If there is one thing we can all agree on its chocolate. Chocolate is grown from the cocoa tree known as Theobroma cacao. The cocoa bean is considered to have originated in the America’s, but is now mass produced most prevalently in Africa. The first sources of chocolate are thought to have derived near the Amazon River and rain forest of South America. Many believe the first people who cultivated the cocoa tree were the ancient Amazonian people.
What gives the cocoa bean the deep, rich and intense taste is the temperate and humidity of the location the bean is being grown. Cocoa beans thrive in hot, humid and/or rainy locations that are within 20 degrees of the equator. In its natural environment, the cocoa tree may grow up to 60 feet tall, whereas for the purpose of cultivation, farmers usually do not allow the tree to grow more than 40 feet.
The cocoa beans are cocooned within a pod that each produce 30-60 beans. The pod, which looks similar to a small American football, is usually between 7-15 inches long. The pod naturally occurs in various colors such as yellow, green, orange, light brown, red and purple. Its colors vary dependant on where it is grown and the maturity of the bean.
The seeds of the cocoa plant found in the pod are submerged deep into the pod. Without any help from animals or other aspects of nature, the seeds have no chance of becoming loose and falling into the earth. In search of food and liquids, animals gladly are taken to task as they spend time rummaging through the cacao pod. As the animals split open the pod, the seeds fall into the soil, continuing the process of growing new cocoa trees.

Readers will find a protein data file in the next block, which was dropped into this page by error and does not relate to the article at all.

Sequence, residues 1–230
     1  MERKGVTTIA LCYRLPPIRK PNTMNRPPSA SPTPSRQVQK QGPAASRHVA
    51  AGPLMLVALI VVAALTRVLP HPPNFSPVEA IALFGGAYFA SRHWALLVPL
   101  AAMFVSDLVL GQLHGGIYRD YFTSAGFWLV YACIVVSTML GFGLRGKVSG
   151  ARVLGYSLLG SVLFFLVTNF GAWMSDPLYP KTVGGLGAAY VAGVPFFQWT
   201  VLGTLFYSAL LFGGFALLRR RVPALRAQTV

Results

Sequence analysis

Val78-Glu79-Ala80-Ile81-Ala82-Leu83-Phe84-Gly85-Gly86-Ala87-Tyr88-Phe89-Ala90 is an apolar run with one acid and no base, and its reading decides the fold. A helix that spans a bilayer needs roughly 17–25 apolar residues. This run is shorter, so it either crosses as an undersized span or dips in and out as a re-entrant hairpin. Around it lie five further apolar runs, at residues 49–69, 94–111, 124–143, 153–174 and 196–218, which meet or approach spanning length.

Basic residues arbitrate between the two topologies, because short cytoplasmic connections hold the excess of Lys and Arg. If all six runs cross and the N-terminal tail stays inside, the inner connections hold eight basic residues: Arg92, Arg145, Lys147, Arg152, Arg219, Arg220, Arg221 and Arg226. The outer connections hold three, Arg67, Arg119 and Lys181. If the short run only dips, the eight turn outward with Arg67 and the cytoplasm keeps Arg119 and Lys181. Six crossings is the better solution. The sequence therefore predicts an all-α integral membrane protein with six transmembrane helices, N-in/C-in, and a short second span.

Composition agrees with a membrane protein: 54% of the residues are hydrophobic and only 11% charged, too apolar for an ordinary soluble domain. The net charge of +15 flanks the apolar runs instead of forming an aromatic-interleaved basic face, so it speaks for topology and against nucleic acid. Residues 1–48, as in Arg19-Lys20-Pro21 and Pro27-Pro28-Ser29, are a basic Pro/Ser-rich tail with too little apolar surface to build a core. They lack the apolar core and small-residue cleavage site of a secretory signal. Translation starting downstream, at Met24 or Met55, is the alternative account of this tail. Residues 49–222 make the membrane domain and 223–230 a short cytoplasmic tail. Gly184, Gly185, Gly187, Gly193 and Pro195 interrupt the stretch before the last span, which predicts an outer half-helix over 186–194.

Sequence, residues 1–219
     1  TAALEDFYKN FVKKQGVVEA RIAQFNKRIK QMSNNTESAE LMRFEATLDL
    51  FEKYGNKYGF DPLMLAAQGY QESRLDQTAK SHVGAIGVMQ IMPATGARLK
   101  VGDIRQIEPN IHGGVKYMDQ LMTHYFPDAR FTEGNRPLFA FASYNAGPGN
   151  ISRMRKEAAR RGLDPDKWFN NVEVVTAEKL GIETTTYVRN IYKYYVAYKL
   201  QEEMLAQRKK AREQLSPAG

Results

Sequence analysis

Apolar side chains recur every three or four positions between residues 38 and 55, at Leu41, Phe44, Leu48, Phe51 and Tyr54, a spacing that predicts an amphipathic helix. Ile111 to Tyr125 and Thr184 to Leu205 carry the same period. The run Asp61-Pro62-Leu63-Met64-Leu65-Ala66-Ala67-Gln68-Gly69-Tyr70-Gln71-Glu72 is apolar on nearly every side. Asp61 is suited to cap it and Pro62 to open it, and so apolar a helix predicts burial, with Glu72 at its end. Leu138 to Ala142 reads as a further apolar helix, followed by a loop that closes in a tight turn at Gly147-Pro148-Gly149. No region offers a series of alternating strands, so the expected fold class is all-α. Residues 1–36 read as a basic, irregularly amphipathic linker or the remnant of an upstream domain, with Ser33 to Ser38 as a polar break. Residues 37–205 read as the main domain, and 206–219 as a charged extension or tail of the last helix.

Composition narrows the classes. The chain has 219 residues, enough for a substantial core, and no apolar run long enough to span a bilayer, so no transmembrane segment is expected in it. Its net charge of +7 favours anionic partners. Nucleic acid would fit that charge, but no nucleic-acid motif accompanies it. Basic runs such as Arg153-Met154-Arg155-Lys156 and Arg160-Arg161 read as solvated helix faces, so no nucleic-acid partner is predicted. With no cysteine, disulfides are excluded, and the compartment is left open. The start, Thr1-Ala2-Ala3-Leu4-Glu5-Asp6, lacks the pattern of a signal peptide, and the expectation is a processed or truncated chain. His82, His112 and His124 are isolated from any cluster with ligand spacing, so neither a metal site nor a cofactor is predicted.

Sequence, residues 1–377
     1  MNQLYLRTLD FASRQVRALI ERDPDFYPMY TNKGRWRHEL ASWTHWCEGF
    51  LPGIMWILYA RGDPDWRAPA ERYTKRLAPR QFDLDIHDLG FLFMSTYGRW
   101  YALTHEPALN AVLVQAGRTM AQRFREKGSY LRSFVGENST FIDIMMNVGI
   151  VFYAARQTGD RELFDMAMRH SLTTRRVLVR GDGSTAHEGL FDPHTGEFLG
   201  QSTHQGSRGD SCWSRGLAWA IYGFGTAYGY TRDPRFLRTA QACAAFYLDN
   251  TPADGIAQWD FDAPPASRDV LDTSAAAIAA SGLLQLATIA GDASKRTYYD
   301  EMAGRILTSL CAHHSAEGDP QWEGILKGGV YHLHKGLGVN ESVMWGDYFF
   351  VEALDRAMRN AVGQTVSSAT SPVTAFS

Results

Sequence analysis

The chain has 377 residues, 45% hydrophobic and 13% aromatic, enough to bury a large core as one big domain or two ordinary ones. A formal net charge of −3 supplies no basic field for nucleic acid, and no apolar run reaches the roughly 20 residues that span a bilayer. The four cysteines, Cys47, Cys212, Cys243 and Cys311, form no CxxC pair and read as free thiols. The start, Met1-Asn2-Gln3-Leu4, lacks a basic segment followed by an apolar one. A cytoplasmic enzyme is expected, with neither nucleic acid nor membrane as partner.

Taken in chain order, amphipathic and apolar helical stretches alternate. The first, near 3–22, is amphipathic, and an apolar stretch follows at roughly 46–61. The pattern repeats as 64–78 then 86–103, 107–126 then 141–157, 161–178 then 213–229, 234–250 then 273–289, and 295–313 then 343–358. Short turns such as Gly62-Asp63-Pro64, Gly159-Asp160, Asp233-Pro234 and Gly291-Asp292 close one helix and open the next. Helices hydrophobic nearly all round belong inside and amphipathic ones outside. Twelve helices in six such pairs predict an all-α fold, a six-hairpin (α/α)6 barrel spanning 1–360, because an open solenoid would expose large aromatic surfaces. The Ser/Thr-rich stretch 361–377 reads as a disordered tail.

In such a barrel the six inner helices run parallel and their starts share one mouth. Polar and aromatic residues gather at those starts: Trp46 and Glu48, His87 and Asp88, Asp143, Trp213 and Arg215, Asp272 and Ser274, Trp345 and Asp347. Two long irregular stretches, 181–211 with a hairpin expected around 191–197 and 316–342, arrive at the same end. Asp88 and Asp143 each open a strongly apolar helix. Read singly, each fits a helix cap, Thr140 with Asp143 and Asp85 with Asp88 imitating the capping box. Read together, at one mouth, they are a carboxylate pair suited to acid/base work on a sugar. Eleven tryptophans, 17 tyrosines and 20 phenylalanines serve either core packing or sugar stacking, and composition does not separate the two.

Before the tree can be mature enough to product the cocoa bean within the pod, the tree’s flowers are pollinated, usually by insects. If the plant is not pollinated naturally, a farmer can pollinate the tree by hand with special material. It takes about six months for the pod of the cocoa tree to fully mature.
After nearly six months of maturation, an experienced farmer can usually tell whether the cocoa bean is ready for the next step. If the plant is seen as mature enough, the farmer will take a machete or knife and slice open the pod. A farmer can usually split open anywhere between 400-500 cacao beans per hour from the pod. The pods’ beans are then taken out to begin the next step in the cocoa bean process.
Once the farmer takes out the cocoa beans, they will then begin to ferment the beans. Prior to fermentation, the beans have a bitter taste with very little to no smell. It is the fermentation process which gives the chocolate its distinct taste. In the fermentation process, the beans are heated as high as 130 degrees to unlock its flavor and aromas.
There are various cocoa tree varieties. The most common are: